Setting carb jets


I have a 40 Merc outboard, 4 cyl, twin carbs. At what approximate rpm do I
set the jets? Been a while since I looked at them, are there two, or just
one? It is somewhat difficult to set the high end, as you are bouncing
along and trying to listen and turn the screwdriver all at once. Which carb
do I set first? Or does one carb feed two cylinders, and it doesn't matter,
and I just need to get them both close? Do I do it strictly by sound, or do
I get them right, then screw them in and count the turns, then back them
both back out to the same turns on both?
Thanks
Steve
Reply to
Steve B
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Steve, Some people think carbs are rocket science, they are not, but there are rules. First, you need someway of determining what your true air/fuel mixture is. You no longer can "read" plugs since the lead has been removed from gasoline The ash deposit, which used to be present is lead bromide and is no longer present. So the tool of choice today is a wide-band oxygen sensor. They take all the guessing out of doing this. If you think you can do this by the seat of your pants, only very few can and if you are asking this question, you are not one of them. The following procedure is essential, no matter how you measure A/F ratio, because of cross influence. 1) Main jet at wide open throttle only 2) Intermediate jet or needle height at mid-range throttle only 3) Last mixture adjustment is the idle mixture at idle only 4) Last carb adjustment is always the accelerator pump, if so equipped These steps apply to all carbs on all types of motors. If however, you have multiple carbs or throttle bodies, you must also balance the air flow between them. This is very important to make certain one cylinder isn't pulling along the other(s). This is either done with a vacuum meter monitoring manifold vacuum or with an air flow venturi gage (my favorite). This is where you adjust the carb linkage for equal flow or vacuum. There are no shortcuts here. You either have the tools and the knowledge or you don't do it. If you get it wrong, you can easily fry a piston. Steve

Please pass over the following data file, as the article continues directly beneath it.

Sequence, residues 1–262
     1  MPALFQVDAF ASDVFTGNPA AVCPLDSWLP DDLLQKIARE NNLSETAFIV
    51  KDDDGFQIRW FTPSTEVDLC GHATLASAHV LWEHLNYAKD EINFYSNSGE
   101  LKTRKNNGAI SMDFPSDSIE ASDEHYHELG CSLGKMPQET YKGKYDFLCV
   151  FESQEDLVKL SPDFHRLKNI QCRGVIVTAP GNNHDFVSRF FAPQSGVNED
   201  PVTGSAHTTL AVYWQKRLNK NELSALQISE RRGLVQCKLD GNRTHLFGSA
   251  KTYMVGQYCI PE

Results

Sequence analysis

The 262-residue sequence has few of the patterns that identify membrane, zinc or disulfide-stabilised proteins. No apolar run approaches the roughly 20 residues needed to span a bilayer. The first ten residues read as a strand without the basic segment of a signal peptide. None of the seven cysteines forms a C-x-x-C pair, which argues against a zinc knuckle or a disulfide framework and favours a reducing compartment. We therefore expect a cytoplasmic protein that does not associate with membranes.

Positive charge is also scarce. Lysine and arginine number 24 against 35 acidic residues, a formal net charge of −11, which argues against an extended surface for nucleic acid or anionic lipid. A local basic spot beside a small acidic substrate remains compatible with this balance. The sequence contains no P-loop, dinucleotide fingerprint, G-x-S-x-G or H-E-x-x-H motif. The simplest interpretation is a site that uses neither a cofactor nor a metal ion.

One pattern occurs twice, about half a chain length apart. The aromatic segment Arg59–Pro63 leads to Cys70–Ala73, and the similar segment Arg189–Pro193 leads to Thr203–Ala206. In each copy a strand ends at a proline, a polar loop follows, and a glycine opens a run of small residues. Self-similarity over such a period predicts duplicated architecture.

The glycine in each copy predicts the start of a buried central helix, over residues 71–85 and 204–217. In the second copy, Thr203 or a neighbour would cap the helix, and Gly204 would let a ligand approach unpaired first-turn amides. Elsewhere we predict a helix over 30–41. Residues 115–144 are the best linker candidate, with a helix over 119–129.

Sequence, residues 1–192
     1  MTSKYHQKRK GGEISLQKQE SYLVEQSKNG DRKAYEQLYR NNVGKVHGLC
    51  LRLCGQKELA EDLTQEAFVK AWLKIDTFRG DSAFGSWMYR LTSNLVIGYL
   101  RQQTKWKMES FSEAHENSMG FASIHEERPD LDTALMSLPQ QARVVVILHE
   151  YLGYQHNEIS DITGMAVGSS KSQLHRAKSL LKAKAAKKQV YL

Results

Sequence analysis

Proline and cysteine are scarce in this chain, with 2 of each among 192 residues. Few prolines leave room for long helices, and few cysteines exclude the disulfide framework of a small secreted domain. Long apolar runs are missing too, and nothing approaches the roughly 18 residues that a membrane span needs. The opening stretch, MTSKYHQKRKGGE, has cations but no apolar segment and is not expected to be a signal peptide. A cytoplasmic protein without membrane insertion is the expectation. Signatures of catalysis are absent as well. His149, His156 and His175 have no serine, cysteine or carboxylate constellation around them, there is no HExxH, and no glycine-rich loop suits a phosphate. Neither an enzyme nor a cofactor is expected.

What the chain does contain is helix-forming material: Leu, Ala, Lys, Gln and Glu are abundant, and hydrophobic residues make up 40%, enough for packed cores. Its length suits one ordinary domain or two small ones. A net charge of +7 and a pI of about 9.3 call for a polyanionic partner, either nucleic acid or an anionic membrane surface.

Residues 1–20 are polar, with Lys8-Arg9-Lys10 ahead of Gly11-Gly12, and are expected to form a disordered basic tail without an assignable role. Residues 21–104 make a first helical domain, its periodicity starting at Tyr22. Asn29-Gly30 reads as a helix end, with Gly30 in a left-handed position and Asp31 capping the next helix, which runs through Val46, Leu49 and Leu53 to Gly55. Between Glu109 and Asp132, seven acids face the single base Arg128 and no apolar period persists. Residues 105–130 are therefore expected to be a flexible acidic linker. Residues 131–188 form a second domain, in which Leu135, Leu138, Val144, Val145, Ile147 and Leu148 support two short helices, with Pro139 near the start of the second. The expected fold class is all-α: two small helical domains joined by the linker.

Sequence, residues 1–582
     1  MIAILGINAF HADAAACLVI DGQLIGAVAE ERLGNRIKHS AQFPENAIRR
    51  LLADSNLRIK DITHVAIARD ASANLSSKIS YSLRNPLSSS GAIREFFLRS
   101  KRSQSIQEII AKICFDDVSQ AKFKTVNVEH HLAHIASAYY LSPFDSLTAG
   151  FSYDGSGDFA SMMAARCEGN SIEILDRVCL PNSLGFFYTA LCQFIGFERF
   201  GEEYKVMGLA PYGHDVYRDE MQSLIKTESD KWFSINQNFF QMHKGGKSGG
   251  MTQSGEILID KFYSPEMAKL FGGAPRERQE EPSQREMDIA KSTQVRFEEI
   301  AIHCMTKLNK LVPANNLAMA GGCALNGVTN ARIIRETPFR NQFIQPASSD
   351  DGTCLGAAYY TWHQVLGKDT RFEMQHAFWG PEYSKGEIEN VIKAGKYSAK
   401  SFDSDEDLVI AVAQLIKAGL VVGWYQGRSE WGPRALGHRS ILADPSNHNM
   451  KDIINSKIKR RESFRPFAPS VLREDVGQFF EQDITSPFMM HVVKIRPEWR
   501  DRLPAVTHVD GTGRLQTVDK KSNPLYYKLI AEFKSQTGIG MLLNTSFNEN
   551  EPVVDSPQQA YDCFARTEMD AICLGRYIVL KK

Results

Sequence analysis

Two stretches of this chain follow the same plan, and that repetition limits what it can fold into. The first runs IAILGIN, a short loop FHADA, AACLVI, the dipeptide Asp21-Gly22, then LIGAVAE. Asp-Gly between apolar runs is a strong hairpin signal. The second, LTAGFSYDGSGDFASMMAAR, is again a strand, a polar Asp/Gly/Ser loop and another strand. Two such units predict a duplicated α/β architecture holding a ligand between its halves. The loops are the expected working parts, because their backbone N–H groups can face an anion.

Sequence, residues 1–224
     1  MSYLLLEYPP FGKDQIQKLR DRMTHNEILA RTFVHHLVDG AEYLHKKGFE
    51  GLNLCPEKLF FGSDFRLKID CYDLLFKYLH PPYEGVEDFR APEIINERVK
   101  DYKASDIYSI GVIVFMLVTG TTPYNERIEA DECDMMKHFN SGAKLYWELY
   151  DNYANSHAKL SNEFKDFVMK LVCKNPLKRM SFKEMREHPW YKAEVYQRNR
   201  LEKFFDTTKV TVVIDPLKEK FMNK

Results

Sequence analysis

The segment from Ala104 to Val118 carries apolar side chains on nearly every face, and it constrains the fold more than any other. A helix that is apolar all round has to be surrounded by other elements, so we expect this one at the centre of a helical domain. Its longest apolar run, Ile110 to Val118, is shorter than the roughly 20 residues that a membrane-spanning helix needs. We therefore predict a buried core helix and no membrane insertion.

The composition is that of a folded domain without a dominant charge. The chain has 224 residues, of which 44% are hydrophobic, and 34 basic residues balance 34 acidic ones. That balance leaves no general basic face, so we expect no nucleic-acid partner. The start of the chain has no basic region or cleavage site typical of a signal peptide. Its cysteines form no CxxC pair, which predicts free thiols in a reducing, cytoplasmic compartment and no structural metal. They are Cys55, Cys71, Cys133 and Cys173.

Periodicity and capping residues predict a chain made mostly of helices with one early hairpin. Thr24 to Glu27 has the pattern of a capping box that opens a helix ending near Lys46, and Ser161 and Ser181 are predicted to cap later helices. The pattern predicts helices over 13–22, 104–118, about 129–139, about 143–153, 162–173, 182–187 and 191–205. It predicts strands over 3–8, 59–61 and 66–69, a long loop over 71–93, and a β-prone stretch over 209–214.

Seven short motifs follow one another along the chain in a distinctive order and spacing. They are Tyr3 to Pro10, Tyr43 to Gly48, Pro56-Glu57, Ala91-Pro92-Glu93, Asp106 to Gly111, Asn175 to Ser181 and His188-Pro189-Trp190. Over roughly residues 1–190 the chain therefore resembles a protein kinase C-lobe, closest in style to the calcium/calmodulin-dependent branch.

the jets? Been a while since I looked at them,
you are bouncing along and trying to listen and
feed two cylinders, and it doesn't matter, and I
them right, then screw them in and count the turns,
Reply to
Steve Lusardi
First, you need someway of determining what your
been removed from gasoline The ash deposit, which used
today is a wide-band oxygen sensor. They take all
your pants, only very few can and if you are asking
no matter how you measure A/F ratio, because of
multiple carbs or throttle bodies, you must also
cylinder isn't pulling along the other(s). This is
venturi gage (my favorite). This is where you
You either have the tools and the knowledge or you
Good post. All I'd add is that it would be surprising to find adjustable high-speed jets on an outboard. Idle mixture and idle-stop screws perhaps though. The image of a nitwit diddling with them at full power on the water is hilarious. It would be even funnier if he gets those or the balance linkage totally out of whack, and then has to pay a black mechanic to make it right.
Wayne
Reply to
wmbjkREMOVE

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